The Financial Accounting Standards Board (FASB) has expanded the scope of its stock compensation guidance to include share-based payments to nonemployees for goods and services. The amendment to U.S. Generally Accepted Accounting Principles (GAAP) eliminates existing guidance that called for businesses that give stock awards to independent contractors or consultants to follow a separate standard from the one used for employee stock compensation.
Businesses have typically followed the guidance in Accounting Standards Codification (ASC) Topic 718 for stock payments to employees. But shares used to pay nonemployees (such as contractors or consultants) have been accounted for according to ASC Subtopic 505-50, Equity — Equity-Based Payments to Non-Employees. That guidance was formerly Emerging Issues Task Force (EITF) Issue No. 96-18, Accounting for Equity Instruments That Are Issued to Other Than Employees for Acquiring, or in Conjunction with Selling, Goods or Services.
For years, companies that offered stock awards have expressed frustration over having to follow different accounting models based on whether the recipient of the award is an employee or a contractor. In each case, the stock awards were measured at fair value. But the two pieces of guidance differ with regard to the measurement’s timing.
Under existing guidance, the measurement date for nonemployees is determined at the earlier of the date at which 1) the commitment for performance is complete, or 2) the counterparty’s performance is complete. This requires judgment and tracking issues that have led to inconsistencies in financial reporting, especially if nonemployees are awarded stock options on a one-by-one basis, rather than a single large grant.
Rationale for nonemployee guidance
EITF Issue No. 96-18 was published in 1996. At that time, the FASB chose to apply different stock compensation guidance to nonemployees because independent contractors and consultants were perceived as having significant freedom to move from company to company. In the late 1990s, the U.S. stock market was in the midst of what was, to that point, the longest bull run in history, and stock awards were being treated as a de facto currency. In theory, independent contractors could watch stock price movements to determine where to work.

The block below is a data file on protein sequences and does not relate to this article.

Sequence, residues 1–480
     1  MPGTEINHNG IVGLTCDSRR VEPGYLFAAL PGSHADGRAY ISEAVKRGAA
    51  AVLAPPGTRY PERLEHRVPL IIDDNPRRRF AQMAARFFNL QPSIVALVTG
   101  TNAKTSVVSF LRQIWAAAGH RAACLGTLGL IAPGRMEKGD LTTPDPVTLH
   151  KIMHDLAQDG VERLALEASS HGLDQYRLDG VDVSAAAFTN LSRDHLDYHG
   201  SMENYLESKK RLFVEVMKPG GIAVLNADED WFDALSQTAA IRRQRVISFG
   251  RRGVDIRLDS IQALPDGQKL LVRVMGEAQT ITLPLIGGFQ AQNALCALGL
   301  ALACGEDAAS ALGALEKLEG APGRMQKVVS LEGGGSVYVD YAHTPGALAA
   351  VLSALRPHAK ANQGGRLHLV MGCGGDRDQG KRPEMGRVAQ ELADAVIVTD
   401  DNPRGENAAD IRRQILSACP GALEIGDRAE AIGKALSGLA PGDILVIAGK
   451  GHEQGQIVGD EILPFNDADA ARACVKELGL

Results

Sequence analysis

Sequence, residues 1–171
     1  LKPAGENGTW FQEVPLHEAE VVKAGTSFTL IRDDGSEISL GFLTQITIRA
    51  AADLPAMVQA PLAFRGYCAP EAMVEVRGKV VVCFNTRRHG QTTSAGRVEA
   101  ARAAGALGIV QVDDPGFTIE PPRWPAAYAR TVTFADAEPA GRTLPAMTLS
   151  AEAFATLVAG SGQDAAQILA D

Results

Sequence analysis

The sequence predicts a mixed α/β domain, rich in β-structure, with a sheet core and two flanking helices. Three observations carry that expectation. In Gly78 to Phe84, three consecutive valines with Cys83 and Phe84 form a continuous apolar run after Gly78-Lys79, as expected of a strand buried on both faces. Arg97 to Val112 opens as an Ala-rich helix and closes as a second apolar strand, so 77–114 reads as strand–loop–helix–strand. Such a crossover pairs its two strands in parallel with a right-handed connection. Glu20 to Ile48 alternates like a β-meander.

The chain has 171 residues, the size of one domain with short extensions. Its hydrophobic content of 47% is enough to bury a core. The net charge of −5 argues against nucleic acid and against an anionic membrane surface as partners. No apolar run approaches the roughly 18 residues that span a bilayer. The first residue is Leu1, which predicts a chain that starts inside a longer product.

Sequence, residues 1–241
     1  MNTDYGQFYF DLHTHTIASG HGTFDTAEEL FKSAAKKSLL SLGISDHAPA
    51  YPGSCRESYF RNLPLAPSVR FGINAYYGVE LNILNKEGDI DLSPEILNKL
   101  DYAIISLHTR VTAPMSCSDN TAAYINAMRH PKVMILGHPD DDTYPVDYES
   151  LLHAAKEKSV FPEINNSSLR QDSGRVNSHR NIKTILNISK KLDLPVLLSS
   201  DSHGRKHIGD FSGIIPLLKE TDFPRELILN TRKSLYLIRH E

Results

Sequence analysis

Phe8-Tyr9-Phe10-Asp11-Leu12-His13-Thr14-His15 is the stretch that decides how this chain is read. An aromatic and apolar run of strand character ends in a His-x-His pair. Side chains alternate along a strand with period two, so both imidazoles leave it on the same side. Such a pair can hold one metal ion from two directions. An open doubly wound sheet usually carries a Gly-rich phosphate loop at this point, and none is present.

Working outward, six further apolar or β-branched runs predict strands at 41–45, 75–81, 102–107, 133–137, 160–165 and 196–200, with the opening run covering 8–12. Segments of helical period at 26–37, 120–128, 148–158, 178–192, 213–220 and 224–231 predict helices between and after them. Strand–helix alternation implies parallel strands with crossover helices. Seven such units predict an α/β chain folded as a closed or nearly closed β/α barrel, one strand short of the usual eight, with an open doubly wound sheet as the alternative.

The dot-com bubble burst in 2000, and stocks fell into a deep bear market during the global financial crisis of 2008. While a new bull market was underway by 2009, the FASB now believes the assumptions behind EITF Issue No. 96-18 were overstated, because full-time employees also have the freedom to move from job to job.
Time for change
In June 2018, the FASB issued updated guidance that will expand the scope of ASC 718 to include share-based payments to nonemployees for goods and services. Accounting Standards Update (ASU) No. 2018-07, Compensation — Stock Compensation: Improvements to Nonemployee Share-Based Payment Accounting, aligns the guidance for stock compensation to employees and nonemployees. And it replaces ASC Subtopic 505-50.
“This standard will make it easier for companies to account for the share-based payments they provide to service providers, suppliers, and other people that are not employees,” said FASB Chairman Russell Golden.
The amendments in ASU No. 2018-07 apply to all share-based payment transactions in which a grantor acquires goods or services to be used or consumed in a grantor’s own operations by issuing share-based payment awards. But the amended guidance does not cover stock compensation that’s used to provide financing to the company that issued the shares or to stock awards tied to a sale of goods or services as part of a contract accounted for according to ASC Topic 606, Revenue from Contracts with Customers.
Under the updated guidance, nonemployee share-based payments are measured with an estimate of the fair value of the equity the business is obligated to issue at the grant date. The grant date is the date the business and the stock award recipient agree to the terms of the award. Essentially, compensation will be recognized in the same period and in the same manner as if the company had paid cash for goods or services instead of stock.
The updated standard is effective for public companies for fiscal years that begin after December 15, 2018, and the quarterly and other interim periods in those years. Private companies have an extra year to implement the changes for annual reports and two years for reporting periods of less than a year. Early adoption is generally permitted, but businesses aren’t allowed to follow the changes in ASU No. 2018-07 until they’ve implemented the new revenue recognition standard.